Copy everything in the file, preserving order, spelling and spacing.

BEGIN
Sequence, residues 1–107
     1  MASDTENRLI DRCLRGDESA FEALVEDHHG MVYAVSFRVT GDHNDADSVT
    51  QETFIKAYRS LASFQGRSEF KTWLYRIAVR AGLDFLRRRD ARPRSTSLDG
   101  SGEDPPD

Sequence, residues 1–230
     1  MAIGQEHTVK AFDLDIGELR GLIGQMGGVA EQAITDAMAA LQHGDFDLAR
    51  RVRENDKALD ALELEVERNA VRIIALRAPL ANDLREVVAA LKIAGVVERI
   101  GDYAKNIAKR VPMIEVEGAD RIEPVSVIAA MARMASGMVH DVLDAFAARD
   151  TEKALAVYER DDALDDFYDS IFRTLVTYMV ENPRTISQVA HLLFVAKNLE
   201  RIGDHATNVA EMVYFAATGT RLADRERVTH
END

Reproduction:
Sequence, residues 1–107
     1  MASDTENRLI DRCLRGDESA FEALVEDHHG MVYAVSFRVT GDHNDADSVT
    51  QETFIKAYRS LASFQGRSEF KTWLYRIAVR AGLDFLRRRD ARPRSTSLDG
   101  SGEDPPD

Sequence, residues 1–230
     1  MAIGQEHTVK AFDLDIGELR GLIGQMGGVA EQAITDAMAA LQHGDFDLAR
    51  RVRENDKALD ALELEVERNA VRIIALRAPL ANDLREVVAA LKIAGVVERI
   101  GDYAKNIAKR VPMIEVEGAD RIEPVSVIAA MARMASGMVH DVLDAFAARD
   151  TEKALAVYER DDALDDFYDS IFRTLVTYMV ENPRTISQVA HLLFVAKNLE
   201  RIGDHATNVA EMVYFAATGT RLADRERVTH